Somehow a commercial gravlighter went out of control and crashed into a mansion on a tiny, private Aegean island. Without any surviving heirs, SpaceWays went into receivership until the situation could be sorted out Just to make sure that the robber barons and their thugs got the message, Kea hired more security people. These had a new task—to baby-sit, unobtrusively, his space personnel.

Anyone interfering with one of his crew members, whether it was pumping for info in a barroom or trying a back-alley snatch for interrogation, was intercepted and “handled roughly.”

Kea bought more shipyards and commissioned more ships, and they went out to the stars. For deployment around the worlds of man, he had a different class of ship built. These were AM2 warships, missile/rocket/laser/chaingun-armed partrol craft, which escorted the liners and freighters safely away from the dangerous—i.e., inhabited—worlds.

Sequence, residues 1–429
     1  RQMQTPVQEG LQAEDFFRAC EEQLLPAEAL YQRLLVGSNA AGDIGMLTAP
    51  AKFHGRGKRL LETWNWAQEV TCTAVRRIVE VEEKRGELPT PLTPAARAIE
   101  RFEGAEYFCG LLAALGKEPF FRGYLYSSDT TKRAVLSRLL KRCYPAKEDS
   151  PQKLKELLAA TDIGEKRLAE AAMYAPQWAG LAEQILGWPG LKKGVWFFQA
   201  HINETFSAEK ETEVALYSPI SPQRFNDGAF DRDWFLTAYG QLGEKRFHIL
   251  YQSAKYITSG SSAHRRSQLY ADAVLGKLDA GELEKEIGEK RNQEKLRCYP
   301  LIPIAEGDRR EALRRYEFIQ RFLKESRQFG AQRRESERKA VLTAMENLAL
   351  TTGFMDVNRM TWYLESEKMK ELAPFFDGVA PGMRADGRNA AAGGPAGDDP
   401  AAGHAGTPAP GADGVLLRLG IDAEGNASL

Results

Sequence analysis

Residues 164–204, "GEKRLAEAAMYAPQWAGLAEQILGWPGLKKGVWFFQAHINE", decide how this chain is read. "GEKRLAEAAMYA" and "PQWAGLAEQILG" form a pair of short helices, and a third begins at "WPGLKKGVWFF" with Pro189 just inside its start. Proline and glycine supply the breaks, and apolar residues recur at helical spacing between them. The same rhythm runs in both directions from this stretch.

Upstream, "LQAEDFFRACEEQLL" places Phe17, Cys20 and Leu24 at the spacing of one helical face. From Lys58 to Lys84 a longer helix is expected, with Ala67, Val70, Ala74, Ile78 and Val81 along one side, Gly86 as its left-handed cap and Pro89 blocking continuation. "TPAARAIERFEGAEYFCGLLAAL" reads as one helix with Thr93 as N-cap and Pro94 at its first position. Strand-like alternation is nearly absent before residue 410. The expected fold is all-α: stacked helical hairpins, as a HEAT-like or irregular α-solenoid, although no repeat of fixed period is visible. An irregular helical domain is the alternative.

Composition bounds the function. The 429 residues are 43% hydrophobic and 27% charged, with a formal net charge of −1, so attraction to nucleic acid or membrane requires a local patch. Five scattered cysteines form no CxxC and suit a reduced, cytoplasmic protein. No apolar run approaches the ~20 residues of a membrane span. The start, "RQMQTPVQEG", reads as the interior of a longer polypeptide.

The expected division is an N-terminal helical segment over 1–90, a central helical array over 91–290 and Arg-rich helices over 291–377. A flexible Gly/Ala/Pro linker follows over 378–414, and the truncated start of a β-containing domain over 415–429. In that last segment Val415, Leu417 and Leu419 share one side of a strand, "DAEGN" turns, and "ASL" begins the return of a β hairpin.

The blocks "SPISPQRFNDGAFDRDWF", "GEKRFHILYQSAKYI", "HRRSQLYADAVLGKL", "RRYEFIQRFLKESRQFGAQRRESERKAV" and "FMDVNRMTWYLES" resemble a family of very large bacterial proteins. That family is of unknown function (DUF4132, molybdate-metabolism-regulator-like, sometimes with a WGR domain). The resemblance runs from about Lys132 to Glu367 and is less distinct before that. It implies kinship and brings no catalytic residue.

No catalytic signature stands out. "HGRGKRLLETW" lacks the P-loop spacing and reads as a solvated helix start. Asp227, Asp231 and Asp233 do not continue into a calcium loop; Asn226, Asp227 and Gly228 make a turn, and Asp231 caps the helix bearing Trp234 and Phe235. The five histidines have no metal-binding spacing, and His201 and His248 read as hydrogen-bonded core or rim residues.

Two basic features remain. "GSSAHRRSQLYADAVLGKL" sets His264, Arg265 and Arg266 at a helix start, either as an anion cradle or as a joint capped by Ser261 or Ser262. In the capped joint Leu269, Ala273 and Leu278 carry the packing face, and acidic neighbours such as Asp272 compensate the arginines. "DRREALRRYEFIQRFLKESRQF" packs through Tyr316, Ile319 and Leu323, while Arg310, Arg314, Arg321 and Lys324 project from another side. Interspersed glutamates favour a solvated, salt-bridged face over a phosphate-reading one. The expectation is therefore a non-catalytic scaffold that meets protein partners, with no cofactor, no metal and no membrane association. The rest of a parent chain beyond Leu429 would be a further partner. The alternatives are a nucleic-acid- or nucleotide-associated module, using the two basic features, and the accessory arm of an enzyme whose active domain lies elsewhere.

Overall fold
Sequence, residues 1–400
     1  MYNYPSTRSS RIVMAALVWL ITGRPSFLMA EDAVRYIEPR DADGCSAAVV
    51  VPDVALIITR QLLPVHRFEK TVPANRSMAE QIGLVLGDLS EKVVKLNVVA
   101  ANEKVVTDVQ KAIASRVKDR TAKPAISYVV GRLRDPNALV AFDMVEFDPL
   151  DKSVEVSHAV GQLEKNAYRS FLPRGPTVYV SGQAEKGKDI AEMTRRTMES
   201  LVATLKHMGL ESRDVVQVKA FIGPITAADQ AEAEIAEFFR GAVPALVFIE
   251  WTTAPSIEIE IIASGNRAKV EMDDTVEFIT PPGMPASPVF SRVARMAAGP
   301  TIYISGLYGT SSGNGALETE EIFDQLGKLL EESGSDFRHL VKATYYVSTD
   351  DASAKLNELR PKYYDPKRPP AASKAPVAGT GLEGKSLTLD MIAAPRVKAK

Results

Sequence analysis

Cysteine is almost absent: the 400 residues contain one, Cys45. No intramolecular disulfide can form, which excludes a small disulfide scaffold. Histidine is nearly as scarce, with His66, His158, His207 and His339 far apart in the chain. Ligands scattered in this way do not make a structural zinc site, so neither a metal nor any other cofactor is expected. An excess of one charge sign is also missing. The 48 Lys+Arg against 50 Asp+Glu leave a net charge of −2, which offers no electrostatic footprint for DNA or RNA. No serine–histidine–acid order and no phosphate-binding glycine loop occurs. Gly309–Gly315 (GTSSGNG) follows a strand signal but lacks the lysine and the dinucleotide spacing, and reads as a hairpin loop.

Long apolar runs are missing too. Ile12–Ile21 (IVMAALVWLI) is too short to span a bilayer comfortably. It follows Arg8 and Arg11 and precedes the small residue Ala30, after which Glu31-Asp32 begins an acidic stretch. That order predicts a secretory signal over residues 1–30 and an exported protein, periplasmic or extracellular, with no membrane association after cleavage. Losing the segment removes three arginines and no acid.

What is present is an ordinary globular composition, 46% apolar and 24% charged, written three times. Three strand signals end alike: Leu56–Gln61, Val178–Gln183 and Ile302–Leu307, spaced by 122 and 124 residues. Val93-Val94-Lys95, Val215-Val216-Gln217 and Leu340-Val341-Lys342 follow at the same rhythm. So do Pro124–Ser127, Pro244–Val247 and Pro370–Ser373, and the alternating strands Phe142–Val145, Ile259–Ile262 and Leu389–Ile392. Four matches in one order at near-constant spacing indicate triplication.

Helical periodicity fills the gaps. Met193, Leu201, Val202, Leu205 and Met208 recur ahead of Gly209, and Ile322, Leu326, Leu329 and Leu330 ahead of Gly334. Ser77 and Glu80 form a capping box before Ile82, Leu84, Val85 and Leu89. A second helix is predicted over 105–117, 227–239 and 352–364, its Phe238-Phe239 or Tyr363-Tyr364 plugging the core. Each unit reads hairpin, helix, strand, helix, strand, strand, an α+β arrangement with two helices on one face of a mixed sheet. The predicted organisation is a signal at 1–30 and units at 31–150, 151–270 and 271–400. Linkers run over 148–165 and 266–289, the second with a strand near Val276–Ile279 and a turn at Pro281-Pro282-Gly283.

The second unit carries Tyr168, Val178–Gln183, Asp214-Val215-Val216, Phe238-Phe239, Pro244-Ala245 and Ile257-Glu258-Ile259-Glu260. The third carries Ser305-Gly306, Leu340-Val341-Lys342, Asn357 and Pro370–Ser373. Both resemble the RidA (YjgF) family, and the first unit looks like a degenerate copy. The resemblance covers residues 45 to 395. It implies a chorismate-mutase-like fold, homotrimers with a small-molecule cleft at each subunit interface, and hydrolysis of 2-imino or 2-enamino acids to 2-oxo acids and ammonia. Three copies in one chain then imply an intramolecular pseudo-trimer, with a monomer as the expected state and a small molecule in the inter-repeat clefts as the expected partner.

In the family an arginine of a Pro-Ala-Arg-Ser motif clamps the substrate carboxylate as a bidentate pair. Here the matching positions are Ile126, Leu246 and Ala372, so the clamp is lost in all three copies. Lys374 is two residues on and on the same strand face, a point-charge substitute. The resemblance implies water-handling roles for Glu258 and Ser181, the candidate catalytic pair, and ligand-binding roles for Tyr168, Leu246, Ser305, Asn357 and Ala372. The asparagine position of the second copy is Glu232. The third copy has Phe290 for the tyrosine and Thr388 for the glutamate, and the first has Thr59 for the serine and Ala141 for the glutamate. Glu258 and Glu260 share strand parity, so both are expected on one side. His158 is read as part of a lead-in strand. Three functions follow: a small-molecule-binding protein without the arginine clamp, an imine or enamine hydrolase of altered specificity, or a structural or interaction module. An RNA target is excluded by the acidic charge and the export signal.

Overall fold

Governments may have been banned from building warships, but no one had mentioned private enterprise, for the simple reason that before AM2 drive, a spaceship/starship built for combat was absurdly wasteful. Kea was spending a fair amount of his time thinking about weaponry.

One of his technicians, a Robert Willy, had pointed out that there was no particular reason a tiny particle of AM2 could not be given a shroud of Imperium X and made into an explosive bullet, if the shielding was cast with a deliberate, high-impact-sensitive fault. He also believed that, if this “bullet” was made small enough, and the latest generation of hyperpowerful portable lasers was used, that the AM2 bullet could not be “fired” by laser.